Paul Biegler asks whether the way we form our beliefs means we’re hardwired to succumb to global warming.

In January 2012 physicist Stephen Hawking decided to celebrate his birthday early, with a warning of apocalypse: “I think it is almost certain that a disaster such as nuclear war or global warming will befall the Earth within a thousand years” (BBC Radio 4 interview, 6th Jan 2012). Further souring the ambience, he warned that during “a period of unprecedented climate change, scientists have a special responsibility once again to inform the public and to advise leaders about the perils that humanity faces.” In the wake of ex-UN Climate boss Yvo de Boer’s salvo that the UN’s 2014 Climate Report would “scare the wits out of everyone,” Hawking’s words have fresh oxygen, albeit with lashings of carbon dioxide, too.

But if the physics professor hoped to avert Armageddon by playing Jeremiah, he failed to spot a flaw in his formula. Warning the public is one thing. Having them accept, and then act on, this dire forecast, is another. While the evidence for human-induced global warming has gained substance, the population of naysayers remains decidedly bulky too. A 2012 Gallup poll found only 52% of Americans believe the effects of warming are upon us, down from an earlier 61%; and on causation, just 53% concurred that warming was anthropogenic. Why do so many people, in the face of so much evidence, remain so staunchly unconvinced?

A first guess might be that they just think the science is wrong. Yet the most contentious science – modelling the warming rate and so the imminence of environmental jeopardy – baffles even many experts. Rather, then, many attitudes seem to be shaped by the ‘manufacturers of doubt’, whose minority opinion has gained an over-represented toehold in the popular media. The result is a ‘sampling error’ about the strength of scientific evidence on the issue: disproportionate weight accorded to dubious data breeds erroneous conclusions. Exhortations to downsize our carbon footprint can also cause backlash. Reaction against being told what is good for us is widespread. The ‘boomerang’ effect has proven especially challenging for initiatives to reduce adolescent smoking.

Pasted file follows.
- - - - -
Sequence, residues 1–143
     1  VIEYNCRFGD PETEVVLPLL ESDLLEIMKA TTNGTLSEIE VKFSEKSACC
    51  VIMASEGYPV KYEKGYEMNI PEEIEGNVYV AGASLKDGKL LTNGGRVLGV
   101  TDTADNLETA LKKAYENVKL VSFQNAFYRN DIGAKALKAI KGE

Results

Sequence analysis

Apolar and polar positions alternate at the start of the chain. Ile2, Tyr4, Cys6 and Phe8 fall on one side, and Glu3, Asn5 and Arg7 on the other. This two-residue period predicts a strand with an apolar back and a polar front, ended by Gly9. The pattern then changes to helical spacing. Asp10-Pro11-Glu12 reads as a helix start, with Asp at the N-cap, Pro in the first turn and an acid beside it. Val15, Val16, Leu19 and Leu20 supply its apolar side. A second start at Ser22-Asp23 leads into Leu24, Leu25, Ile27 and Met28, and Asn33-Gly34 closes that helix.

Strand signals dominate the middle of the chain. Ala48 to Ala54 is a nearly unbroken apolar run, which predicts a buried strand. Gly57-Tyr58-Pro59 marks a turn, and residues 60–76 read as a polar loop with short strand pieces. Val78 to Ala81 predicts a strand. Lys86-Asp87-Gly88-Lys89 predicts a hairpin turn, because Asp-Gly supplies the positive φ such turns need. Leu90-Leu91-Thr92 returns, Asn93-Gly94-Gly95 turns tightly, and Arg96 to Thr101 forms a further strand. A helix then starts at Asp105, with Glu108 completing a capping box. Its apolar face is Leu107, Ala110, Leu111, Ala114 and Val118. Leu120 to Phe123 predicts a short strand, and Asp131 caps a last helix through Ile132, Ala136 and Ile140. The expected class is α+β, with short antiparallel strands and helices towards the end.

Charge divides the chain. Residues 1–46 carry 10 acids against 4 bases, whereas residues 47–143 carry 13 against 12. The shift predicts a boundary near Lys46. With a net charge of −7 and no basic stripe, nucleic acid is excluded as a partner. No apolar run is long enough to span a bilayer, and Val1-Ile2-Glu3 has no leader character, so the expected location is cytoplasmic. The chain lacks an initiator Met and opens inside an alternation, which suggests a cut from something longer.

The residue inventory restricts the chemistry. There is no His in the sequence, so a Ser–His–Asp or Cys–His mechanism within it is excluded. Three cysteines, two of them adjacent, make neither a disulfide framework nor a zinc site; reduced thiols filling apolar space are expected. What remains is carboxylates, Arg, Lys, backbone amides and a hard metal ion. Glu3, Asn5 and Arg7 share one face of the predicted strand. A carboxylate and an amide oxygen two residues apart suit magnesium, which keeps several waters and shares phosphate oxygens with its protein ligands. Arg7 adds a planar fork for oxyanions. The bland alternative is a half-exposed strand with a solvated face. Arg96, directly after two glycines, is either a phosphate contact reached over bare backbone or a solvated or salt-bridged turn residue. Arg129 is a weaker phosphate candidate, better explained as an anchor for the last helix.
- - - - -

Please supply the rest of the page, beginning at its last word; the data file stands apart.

But there is another candidate to explain our reticence to embrace the painful but credible truth of a warming planet. The idea of wishful thinking – we believe what we wish to be true – is hardly new. But its scientific investigation took off in the early 1990s in the wake of a fêted article by the late social psychologist Ziva Kunda, ‘The Case for Motivated Reasoning’.

Biasing Your Own Thinking

‘Motivated reasoning’ describes how emotional commitments affect the way we process information. To see how, try a thought experiment. Imagine visiting your doctor with a cough. If your hacking is extreme, your GP might cave in and order a chest X-ray. Now imagine, when returning for the results, that your physician is uncharacteristically grave: “I’ll be straight up. The news isn’t good. There’s a growth that looks suspiciously like a tumour. We’ll need to arrange some further tests.” If you’re like most, your first response will be disbelief: “Doctor, are you sure? Couldn’t you have mixed up the X-rays? Is the radiologist mistaken? Can I get a second opinion?” Bad news is an unwelcome visitor, and doesn’t cross your threshold without a fight. There would be no such remonstrations if the X-ray were clear. Instead, with relief and an inner smile, you’d settle up with the receptionist and be blithely on your way. There’s little resistance to a diagnosis of good health.

This vignette depicts a famous type of motivated reasoning: confirmation bias. We tend to accept information that agrees with our take on the world, and to discount data that contradict it. Many studies affirm this. People told they scored low on an IQ test prefer articles that criticise rather than support the test’s validity; and women who drink a lot of coffee were quicker to note flaws in a fictional study linking caffeine consumption and breast cancer.

So, do people reject the forecast of global warming doom because it upsets their worldview?

Read the full article in Philosophy Now magazine here or download the pdf here